Croatia signed an agreement on Thursday to purchase 12 French Rafale fighter jets worth nearly one billion euros ($ 1.2 billion) which officials say will significantly bolster its military. air amid the lingering tensions in the Balkans.
The contract for the used fighter plane was signed during the visit of French President Emmanuel Macron to Croatia. It was the first visit of the French Head of State to Croatia since his separation from the former Yugoslav federation during the 1991-95 war.
“The strategic purchase of the planes is what we see as a change for Croatia,” Croatian Prime Minister Andrej Plenkovic said at a joint press conference with Macron after the signing ceremony.
“This will not only give us the ability to avoid those who have aspirations towards our territory, but also to become the so-called exporters of security … of stability in south-eastern Europe,” he said. declared.
Macron said the aircraft deal would strengthen bilateral relations between the two countries and help European defense.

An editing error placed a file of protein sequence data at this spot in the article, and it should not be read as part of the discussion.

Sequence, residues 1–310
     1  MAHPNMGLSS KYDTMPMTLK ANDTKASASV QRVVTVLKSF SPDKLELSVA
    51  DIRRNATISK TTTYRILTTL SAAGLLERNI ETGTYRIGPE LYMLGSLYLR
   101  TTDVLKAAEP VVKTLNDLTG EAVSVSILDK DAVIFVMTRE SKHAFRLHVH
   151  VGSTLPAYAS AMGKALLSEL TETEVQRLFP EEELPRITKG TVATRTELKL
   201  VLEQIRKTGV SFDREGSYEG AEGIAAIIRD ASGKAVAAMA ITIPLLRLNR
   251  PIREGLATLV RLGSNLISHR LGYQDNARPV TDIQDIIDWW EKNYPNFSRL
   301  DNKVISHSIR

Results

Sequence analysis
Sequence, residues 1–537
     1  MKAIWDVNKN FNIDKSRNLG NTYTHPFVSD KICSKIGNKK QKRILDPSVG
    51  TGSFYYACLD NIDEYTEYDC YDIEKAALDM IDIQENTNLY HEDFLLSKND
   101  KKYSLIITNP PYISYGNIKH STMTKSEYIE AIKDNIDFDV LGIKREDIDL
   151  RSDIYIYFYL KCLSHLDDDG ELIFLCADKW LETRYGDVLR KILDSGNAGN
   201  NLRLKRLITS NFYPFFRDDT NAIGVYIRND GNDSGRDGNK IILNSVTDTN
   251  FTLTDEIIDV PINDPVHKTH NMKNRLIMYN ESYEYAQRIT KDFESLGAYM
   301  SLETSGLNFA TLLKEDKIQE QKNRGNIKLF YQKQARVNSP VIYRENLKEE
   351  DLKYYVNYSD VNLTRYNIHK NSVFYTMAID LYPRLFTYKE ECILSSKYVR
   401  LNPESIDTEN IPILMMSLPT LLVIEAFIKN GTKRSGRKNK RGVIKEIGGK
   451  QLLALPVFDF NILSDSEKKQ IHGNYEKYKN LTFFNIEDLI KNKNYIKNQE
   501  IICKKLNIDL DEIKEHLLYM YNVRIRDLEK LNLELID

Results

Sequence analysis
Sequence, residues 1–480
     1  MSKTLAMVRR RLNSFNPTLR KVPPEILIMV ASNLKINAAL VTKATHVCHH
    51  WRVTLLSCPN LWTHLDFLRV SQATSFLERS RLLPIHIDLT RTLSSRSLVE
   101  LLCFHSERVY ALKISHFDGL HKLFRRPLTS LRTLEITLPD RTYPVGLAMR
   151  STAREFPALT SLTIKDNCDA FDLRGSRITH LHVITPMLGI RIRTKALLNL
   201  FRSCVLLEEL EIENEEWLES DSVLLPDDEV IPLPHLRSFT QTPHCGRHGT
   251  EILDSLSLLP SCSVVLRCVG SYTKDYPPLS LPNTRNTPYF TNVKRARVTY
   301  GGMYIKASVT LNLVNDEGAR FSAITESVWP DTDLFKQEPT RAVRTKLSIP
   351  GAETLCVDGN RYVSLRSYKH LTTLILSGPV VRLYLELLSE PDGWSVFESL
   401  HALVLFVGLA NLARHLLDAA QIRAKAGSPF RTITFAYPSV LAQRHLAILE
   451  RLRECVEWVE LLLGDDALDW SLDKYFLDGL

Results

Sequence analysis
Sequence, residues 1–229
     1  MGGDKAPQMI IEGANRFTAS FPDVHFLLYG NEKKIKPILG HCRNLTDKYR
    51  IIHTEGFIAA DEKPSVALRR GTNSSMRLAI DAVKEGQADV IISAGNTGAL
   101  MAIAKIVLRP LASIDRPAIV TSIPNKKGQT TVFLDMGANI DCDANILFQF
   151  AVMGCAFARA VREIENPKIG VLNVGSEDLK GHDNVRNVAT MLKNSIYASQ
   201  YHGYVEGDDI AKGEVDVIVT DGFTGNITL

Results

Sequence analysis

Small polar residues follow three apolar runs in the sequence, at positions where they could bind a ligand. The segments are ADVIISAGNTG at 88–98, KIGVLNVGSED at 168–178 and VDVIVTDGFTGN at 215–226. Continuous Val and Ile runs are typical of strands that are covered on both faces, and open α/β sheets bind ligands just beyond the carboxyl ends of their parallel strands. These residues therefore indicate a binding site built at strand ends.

Two Rafales made a low pass over the Croatian capital after the signing ceremony.
The selection of the French plane, announced in May, follows a long tender process that has experienced delays. Other offerings included new F-16s from the United States, new JAS-39 Gripen aircraft from Sweden, and used F-16s from Israel.
Eric Trappier, CEO of Dassault Aviation, which manufactures Rafale jets, said that they “will give full satisfaction to the Croatian Air Force, while actively contributing to the exercise of Croatia’s national sovereignty”.
Croatian officials said earlier that the purchase is worth 999 million euros and will be for 10 single-seaters and two twin-engine F3R Rafale two-seaters. The first six Rafale should be delivered in 2024, the rest to be delivered the following year.
French jets will replace a few still operational Soviet-era MiG-21s, first developed in the 1950s. Most MiGs were originally wrested from the Yugoslav army, which attempted to stop secession. from Croatia of the former federation dominated by Serbs.
Croatia, which is a member of NATO and the European Union, is in a mini arms race with neighboring Russian ally Serbia, which recently received six used MiG-29 fighter jets from Russia. and four others of the Belarusian type.